She didn’t tell me her name and I didn’t give her mine. She’d walked up to the bench I was sitting on at Powells Bookstore, killing time until I met a friend for dinner, and she waited until I looked up.
“Are those your books? Is it OK if I move them?” She was about 50, a well-dressed blonde with a stack of cookbooks. I assured her that the books weren’t mine, and she pushed them aside to sit. She opened the first cookbook and I went back to my magazine.
At some point I noticed her pages hadn’t turned in awhile and I glanced up to find her staring at me. “Excuse me,” she smiled, “I really love your coat. The colors are so cheerful, just right for your skin.”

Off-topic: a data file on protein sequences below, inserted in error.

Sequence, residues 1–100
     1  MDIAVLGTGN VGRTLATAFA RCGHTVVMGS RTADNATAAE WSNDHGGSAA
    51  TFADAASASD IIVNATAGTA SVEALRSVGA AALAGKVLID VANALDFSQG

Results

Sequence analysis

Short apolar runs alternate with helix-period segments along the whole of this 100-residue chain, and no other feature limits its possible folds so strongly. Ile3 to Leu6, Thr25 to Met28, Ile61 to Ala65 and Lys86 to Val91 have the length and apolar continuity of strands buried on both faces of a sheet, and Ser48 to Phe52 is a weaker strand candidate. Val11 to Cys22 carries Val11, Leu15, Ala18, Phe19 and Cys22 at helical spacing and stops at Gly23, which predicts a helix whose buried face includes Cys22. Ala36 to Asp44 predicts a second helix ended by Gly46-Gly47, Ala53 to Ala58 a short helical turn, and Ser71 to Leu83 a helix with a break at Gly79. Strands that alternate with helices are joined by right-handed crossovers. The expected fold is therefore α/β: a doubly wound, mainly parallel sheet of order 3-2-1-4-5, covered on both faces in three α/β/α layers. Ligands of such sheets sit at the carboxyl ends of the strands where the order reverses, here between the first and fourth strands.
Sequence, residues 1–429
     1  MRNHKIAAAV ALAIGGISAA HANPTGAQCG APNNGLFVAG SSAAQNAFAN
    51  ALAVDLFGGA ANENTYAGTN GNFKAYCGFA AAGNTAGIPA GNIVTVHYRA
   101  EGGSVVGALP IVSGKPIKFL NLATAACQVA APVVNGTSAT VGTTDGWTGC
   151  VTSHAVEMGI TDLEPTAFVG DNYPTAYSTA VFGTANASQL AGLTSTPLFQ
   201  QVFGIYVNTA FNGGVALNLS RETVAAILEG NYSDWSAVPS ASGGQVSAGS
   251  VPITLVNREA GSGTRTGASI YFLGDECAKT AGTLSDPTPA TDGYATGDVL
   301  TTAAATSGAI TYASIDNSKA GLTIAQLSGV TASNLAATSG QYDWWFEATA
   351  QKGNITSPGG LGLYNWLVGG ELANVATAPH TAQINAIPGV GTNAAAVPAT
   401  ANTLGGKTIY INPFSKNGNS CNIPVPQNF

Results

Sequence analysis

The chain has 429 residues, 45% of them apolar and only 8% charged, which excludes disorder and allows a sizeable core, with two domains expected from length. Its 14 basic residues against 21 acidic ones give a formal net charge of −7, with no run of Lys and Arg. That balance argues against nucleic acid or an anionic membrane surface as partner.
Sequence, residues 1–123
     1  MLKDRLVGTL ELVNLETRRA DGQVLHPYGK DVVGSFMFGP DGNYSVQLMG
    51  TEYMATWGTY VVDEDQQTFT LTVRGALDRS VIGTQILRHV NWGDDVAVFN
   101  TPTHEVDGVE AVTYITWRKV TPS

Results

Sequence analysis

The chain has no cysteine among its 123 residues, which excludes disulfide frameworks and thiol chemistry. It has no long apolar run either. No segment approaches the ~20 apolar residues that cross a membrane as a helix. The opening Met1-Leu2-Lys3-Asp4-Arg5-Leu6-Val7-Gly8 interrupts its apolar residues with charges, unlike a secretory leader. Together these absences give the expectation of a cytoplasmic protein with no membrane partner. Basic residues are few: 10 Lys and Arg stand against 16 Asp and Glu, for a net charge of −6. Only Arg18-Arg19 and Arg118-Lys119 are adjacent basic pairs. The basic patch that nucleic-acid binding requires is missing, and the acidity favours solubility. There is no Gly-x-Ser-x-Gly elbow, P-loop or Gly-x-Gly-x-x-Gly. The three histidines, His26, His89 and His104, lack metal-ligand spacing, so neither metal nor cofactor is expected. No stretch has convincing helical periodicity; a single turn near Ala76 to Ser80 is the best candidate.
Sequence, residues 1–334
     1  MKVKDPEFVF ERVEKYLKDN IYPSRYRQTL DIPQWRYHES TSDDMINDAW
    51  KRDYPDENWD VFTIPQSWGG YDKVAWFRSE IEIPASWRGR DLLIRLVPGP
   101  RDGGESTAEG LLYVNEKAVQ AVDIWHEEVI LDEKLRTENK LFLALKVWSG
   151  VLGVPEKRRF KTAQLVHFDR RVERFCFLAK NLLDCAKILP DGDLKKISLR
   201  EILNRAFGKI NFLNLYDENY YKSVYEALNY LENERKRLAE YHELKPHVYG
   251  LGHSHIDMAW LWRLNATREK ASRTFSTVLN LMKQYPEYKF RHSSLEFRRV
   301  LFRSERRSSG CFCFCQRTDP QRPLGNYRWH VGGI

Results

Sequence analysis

“Thanks,” I said, “My mother made it.”
Her eyes brightened, and she moved closer on the bench. “Do you mind if I look?” I slipped it off and handed it to her. (Just for the record, the coat is gorgeous–Mom made it from this nubbly wool or angora or something, full-length saffron and gold plaid with a sapphire lining)
“Your mother must love you very much if she sews for you,” she said softly, “My mother never sewed for me.” She stroked the fabric, staring at the bookshelves. “Of course, we were never very close. Excuse me.”
She walked away, leaving her books behind.